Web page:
The landscape of Edo underwent a major transformation during the first decade of the Tokugawa bakufu. Beginning in 1603, a small army of workers from several domains began transporting dirt from nearby Kandayama to fill in Hibiya Cove.[16] The newly created land became prime real estate. It was as if the 1855 earthquake shook the boundaries of an older, forgotten Edo back into sight, tracing the contours of pre-bakufu times via dramatically differing patterns of destruction.[17] Jōtō Sanjin, the pen name of Iwamoto Sashichi, described leaving his residence and crossing Gofuku Bridge to enter Daimyo Lane and then the Wadakura Gate. After explaining that this area shook especially hard, he characterized it repeatedly as “fire earth” (kachi), possibly a term he created (it appears in the Classic of Changes in connection with the thirty-fifth hexagram).[18] Fires in the Ansei Edo earthquake tended to correspond closely to the areas of most severe shaking, and according to a young police official at the scene, “Daimyo Lane burned intensely everywhere.”[19] One additional factor that made the fires in Daimyo Lane especially dramatic was that several daimyō were in charge of the recently constructed offshore artillery batteries. Their mansions contained stores of potassium nitrate (saltpeter), which ignited in the flames.[20]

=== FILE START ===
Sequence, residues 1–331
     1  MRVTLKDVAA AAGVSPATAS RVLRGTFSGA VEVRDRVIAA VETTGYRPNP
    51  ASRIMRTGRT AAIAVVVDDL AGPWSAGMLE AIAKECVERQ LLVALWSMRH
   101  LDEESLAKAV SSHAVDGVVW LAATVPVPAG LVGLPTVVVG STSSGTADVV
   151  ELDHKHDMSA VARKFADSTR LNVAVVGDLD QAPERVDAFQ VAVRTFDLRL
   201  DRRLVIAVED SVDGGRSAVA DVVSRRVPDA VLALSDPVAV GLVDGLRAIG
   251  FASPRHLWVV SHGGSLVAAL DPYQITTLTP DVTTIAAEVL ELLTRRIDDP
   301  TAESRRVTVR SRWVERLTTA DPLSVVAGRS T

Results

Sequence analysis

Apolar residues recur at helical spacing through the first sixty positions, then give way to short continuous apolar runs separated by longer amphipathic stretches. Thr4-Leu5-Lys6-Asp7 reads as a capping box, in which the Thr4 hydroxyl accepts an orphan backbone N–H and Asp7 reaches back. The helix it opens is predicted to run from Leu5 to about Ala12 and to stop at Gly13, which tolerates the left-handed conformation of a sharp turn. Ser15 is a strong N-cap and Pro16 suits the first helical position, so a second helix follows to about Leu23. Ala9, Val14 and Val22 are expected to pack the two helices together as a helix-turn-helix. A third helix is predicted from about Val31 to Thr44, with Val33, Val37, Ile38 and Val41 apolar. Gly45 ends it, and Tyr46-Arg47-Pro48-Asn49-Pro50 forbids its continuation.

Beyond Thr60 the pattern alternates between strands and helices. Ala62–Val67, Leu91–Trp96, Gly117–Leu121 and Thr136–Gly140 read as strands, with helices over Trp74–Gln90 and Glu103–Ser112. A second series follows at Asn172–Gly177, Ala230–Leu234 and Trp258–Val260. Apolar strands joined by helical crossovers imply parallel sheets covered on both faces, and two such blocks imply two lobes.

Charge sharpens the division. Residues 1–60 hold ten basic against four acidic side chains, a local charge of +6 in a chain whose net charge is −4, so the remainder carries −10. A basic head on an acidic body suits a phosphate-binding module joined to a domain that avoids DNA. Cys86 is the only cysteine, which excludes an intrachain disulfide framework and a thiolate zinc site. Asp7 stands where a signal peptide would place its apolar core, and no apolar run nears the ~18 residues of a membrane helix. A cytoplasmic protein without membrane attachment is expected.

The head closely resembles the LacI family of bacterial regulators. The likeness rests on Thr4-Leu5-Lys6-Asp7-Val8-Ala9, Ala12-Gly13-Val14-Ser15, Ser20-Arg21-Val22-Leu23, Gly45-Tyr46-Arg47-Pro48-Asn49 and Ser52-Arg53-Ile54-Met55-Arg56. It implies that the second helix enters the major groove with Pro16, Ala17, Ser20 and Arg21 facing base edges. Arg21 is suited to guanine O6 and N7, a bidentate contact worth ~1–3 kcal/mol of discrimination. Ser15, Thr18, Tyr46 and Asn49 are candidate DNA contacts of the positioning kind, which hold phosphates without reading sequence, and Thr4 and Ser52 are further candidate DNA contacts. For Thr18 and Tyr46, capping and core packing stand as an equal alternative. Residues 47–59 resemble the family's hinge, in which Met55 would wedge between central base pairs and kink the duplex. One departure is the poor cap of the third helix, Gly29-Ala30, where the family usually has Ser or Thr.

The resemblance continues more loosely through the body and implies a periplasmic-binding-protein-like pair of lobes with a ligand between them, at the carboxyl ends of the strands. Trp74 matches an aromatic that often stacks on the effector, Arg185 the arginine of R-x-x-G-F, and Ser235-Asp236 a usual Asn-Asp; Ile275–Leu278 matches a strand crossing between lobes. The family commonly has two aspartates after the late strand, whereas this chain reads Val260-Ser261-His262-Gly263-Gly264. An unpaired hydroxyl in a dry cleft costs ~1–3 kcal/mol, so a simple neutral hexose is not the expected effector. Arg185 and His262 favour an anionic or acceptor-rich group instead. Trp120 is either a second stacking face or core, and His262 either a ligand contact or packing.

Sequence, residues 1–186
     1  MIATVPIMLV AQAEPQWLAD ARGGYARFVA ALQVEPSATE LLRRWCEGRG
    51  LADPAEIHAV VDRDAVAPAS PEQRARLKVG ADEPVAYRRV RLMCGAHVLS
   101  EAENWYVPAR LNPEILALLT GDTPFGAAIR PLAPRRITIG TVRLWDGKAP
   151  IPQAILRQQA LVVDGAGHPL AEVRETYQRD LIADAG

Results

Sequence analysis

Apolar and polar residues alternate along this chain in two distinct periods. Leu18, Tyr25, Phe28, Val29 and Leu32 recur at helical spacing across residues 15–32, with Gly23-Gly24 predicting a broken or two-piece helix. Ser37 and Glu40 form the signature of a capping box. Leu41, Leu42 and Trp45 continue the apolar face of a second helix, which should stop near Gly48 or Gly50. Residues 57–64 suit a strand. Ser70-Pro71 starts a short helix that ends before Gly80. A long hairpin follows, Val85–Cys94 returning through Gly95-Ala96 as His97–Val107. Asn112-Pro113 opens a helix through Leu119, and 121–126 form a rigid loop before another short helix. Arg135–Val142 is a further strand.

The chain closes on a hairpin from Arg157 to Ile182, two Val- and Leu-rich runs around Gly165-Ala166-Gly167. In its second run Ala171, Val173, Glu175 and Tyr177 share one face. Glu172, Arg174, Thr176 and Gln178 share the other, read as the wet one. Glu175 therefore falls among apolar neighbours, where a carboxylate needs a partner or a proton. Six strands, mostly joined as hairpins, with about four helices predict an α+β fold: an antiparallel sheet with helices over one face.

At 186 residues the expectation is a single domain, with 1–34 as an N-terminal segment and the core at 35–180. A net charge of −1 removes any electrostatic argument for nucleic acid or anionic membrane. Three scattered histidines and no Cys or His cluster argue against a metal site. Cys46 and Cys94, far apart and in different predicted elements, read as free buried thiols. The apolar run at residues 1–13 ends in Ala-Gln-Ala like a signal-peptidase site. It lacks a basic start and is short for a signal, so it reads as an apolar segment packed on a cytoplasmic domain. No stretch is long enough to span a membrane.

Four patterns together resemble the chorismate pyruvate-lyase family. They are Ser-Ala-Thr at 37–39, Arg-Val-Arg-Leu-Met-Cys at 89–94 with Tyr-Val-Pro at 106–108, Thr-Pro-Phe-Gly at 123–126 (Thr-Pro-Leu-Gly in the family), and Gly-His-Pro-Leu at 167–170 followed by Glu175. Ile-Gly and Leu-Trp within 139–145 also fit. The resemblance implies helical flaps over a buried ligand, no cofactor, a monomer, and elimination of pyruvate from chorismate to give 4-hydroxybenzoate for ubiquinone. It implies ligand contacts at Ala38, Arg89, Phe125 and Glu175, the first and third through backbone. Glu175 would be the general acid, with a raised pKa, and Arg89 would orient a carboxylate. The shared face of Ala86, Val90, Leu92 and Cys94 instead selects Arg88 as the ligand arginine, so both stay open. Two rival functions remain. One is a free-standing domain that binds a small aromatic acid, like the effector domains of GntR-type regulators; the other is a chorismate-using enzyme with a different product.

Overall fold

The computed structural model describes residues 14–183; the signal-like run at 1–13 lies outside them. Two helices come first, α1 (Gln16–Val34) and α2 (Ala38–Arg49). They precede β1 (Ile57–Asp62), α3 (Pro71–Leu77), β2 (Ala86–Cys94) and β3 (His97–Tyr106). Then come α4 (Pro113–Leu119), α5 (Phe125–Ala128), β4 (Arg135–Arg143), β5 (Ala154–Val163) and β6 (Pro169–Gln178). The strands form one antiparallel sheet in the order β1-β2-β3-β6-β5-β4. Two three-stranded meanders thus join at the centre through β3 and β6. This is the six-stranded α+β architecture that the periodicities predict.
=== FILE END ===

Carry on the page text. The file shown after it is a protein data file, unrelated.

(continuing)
Sanjin's account of the damage summarized the situation by explaining that upland areas shook mildly, whereas lowland areas (including Fukagawa, Honjo, and the castle precincts) shook severely. “This can be called a principle of nature,” he concluded.[21] Other earthquake accounts made a similar point. Record of the Times (Jifūroku), for example, after describing the devastation in several low-lying areas, says, “Indeed, highland areas shook lightly and damage to structures as well as deaths were few.”[22] Nearly every comprehensive account of the damage described the extreme devastation in both commoner and elite areas built on soft ground. In most instances, the authors of these accounts regarded elevation as the key variable, not soil base. Although upland neighborhoods were all built on a firm base, the soil base of lowland areas varied greatly, as we have seen.